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Q: My tenant was arrested. They'll be in jail/prison for a long time and the premises are now unoccupied. What do I do?
Tenants in jail still have rights to their property and apartment, they just have lost the right to access it personally. This puts landlords in a bind because almost certainly the tenant will be unable to pay rent. Also, as a landlord you don't want the rented premises to be unoccupied 100% of the time, year-round. That's just inviting maintenance problems to become serious.
First thing, leave everything in the apartment as it is. You cannot move or store belongings without a court order. Don't change the locks. Don't shut off the utilities. Assume that there's a good chance the tenant will be released early and come back to see everything you've touched or changed.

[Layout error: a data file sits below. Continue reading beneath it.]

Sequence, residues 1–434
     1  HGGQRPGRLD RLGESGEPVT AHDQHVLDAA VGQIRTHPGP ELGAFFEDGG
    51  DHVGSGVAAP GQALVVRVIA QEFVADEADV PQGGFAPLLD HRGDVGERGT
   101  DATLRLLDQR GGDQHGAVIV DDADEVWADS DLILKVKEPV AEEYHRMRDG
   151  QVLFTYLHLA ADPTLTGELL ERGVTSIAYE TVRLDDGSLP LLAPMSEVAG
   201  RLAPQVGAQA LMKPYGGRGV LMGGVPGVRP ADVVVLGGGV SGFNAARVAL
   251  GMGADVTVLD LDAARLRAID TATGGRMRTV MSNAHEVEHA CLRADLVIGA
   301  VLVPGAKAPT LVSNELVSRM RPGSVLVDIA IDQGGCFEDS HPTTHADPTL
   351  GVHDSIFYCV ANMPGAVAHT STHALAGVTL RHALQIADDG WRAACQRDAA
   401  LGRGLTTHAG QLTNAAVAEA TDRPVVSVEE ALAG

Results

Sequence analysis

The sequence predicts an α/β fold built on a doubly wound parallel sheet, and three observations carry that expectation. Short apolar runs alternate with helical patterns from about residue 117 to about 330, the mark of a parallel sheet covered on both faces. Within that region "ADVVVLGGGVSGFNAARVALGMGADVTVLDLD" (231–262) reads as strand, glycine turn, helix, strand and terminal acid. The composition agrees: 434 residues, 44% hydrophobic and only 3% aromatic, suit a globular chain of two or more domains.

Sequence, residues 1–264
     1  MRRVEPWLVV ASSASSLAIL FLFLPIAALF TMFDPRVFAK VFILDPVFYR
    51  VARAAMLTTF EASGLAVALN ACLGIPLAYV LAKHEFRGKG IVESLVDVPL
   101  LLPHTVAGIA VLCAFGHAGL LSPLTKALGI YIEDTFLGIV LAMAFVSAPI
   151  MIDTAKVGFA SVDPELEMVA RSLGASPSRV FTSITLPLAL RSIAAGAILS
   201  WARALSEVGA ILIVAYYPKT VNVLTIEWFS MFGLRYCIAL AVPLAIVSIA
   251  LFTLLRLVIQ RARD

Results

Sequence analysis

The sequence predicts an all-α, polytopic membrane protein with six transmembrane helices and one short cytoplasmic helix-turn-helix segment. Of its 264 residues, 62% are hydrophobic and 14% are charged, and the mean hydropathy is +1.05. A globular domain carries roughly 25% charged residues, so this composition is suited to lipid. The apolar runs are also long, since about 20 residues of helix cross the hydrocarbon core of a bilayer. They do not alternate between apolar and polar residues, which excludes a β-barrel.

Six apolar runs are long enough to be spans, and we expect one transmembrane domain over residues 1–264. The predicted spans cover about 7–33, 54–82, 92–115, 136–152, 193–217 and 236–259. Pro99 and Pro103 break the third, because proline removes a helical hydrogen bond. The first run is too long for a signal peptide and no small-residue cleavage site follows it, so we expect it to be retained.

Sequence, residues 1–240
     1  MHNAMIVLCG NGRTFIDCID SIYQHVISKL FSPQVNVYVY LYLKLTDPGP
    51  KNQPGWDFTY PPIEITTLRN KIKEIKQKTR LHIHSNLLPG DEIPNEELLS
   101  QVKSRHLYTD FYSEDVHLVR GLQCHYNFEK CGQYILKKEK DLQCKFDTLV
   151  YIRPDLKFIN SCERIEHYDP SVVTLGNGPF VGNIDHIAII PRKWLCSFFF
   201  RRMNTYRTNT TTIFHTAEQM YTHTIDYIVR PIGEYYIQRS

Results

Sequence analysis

Second, try to get in contact with the tenant through their jail or prison counselor, or if you collect emergency contact information, the emergency contact. If you can get the tenant to sign an agreement ending the tenancy early, you can get their permission to move and/or store their belongings elsewhere, preferably with family. This is what you want: a voluntary departure.
Failing that, you need to have the tenant served a notice to quit (talk to an attorney to make sure you have a valid reason). Tenants can be served in jail, but there's a special procedure. And tenants can be taken from jail to appear at a housing court trial. Again, there are special procedures, but an experienced attorney in combination with the courts can walk you through it.